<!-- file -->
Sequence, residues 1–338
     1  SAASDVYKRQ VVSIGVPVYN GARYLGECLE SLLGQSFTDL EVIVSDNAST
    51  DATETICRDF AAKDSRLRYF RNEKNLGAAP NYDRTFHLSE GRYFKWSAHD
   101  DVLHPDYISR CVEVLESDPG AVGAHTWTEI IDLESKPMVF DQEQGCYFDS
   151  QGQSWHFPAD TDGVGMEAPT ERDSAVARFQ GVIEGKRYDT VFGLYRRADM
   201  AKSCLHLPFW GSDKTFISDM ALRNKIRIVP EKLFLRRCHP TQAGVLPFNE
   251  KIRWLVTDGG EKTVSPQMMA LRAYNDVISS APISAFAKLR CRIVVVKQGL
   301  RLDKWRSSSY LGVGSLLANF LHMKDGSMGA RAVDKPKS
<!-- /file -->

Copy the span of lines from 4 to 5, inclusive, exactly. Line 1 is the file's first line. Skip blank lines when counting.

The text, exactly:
   101  DVLHPDYISR CVEVLESDPG AVGAHTWTEI IDLESKPMVF DQEQGCYFDS
   151  QGQSWHFPAD TDGVGMEAPT ERDSAVARFQ GVIEGKRYDT VFGLYRRADM